From the astronomy experts at Cape Canaveral, Florida, comes news that Earthlike worlds may be closer and more numerous than they ever imagined. Based on new findings from NASA’s Kepler space telescope that was launched in 2009, the discovery has gotten the science and astronomy community quite excited.
To put things in perspective, if we were to shrink the galaxy down to the same size as the United States, then the distance would be about the same as walking across New York City’s Central Park. That’s a pretty small distance, comparatively speaking. Almost close enough to zoom over to borrow the proverbial cup of intergalactic sugar.
Astronomy experts have reported that the closest planet most similar to Earth is a mere 13 light years away. Galactically speaking-that’s practically next door! Although they’ve not exactly found this mystery planet yet, they do believe it should be possible to find it based on their study of red dwarf stars. These dwarf red stars are the most common ones in the Milky Way and number close to 75 billion. That’s quite a few stars to study.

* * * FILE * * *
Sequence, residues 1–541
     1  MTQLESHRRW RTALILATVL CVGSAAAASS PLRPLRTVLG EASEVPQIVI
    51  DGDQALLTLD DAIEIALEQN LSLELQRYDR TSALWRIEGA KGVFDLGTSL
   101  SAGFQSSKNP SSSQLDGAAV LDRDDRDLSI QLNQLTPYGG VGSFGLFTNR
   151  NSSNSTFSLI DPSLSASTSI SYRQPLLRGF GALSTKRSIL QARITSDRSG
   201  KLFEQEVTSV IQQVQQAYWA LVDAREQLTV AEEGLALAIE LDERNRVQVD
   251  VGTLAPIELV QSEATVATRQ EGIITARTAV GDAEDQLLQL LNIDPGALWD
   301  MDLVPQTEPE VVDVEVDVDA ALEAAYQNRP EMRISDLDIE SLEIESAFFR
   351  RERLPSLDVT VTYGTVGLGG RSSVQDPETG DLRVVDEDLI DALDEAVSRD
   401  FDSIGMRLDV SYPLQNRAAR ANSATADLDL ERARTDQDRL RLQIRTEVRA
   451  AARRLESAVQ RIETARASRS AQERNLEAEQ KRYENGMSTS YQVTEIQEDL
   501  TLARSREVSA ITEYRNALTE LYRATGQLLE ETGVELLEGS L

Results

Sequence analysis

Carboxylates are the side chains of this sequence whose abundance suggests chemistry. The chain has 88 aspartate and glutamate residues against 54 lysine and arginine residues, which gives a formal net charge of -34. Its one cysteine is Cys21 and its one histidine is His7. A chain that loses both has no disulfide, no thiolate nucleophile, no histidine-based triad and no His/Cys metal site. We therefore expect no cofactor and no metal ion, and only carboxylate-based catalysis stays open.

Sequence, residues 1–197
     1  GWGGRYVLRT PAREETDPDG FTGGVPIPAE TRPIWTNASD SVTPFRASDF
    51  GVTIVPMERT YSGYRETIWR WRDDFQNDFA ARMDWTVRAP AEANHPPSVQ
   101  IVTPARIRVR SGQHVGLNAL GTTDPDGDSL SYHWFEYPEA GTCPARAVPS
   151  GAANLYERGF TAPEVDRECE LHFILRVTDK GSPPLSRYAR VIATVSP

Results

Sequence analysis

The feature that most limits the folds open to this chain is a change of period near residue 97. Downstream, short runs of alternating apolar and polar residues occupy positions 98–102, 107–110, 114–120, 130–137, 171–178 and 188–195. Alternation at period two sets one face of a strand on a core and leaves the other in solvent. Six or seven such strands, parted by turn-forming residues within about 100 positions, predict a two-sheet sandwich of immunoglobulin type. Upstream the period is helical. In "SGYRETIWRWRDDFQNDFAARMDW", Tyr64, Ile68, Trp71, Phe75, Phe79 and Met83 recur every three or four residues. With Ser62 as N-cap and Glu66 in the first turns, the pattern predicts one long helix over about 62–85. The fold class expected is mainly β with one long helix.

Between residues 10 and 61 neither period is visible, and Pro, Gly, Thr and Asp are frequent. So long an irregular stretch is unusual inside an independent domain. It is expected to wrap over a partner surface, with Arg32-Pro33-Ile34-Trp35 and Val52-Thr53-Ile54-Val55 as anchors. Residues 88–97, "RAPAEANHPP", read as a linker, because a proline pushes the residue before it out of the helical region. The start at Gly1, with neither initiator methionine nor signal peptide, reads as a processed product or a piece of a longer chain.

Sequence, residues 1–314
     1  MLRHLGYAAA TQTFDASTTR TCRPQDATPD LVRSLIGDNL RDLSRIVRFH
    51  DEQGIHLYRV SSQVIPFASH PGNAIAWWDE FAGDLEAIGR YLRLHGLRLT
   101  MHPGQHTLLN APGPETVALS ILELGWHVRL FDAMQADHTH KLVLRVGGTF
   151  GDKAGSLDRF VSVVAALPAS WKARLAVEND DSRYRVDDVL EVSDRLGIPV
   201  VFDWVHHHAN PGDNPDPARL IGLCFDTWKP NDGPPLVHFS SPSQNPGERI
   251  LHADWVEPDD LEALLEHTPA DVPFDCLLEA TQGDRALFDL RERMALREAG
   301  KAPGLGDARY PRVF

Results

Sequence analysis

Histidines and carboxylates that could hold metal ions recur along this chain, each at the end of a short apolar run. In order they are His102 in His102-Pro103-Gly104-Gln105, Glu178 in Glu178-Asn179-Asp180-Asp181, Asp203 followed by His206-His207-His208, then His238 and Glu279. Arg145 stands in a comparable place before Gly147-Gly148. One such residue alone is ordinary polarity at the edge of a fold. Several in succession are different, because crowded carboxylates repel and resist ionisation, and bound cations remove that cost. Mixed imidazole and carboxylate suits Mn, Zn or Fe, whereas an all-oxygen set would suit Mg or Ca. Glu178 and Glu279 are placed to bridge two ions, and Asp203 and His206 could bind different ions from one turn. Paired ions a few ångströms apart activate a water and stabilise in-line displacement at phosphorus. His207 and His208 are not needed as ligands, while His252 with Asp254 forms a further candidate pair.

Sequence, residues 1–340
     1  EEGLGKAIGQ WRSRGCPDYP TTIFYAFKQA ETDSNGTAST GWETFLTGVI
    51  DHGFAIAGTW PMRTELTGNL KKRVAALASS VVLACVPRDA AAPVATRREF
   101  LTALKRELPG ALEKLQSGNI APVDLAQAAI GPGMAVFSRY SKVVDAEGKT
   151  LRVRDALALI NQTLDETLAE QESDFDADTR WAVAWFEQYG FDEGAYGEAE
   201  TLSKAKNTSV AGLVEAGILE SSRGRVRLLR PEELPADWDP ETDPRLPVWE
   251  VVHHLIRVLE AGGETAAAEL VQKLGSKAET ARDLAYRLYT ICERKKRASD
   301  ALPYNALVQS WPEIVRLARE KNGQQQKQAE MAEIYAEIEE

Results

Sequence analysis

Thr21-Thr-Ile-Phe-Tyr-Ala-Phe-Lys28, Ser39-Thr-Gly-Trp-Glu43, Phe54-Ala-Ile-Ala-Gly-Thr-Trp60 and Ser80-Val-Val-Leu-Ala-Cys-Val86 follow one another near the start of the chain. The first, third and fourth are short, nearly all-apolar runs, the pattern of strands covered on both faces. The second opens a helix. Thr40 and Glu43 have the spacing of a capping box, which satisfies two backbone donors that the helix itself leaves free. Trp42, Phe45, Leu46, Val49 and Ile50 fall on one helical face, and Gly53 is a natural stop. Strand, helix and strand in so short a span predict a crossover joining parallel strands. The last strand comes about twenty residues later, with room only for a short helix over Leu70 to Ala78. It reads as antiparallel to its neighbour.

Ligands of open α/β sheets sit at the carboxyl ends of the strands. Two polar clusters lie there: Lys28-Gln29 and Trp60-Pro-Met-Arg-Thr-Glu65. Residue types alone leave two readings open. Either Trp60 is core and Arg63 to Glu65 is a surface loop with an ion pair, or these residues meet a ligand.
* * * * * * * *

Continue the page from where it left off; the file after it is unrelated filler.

Teams from the Harvard-Smith Center for Astrophysics have estimated that about 6 percent of those billions of red stars may possibly have these Earthlike planets. This fact alone should simplify the search for extraterrestrials. How do they determine if what they see is a planet or not? To qualify, the entity must be roughly the same size as Earth and get as much light from its star as Earth gets from the sun.
However, these candidates for planethood are distinctly different from Earth because of the differences between a red star and our sun. Because of the size of the red dwarf stars, these potentially Earthlike planets would need to orbit much closer to the star than Earth does to the sun. Experts believe the planets would have a rocky surface but their atmospheres could most likely support some type of life forms. Because the red dwarf stars can be quite old, many older than Earth’s sun, these potentially similar planets would be older than ours and possibly have more evolved life forms. Compared to the age of 12 billion years for some of the red dwarf stars, our solar system is practically a youngster at 4.5 billion years.
Scientists and astronomers alike are calling the news extraordinarily exciting and hope it will put future researchers and space explorers hot on the trail of locating and closely studying these potential neighbors.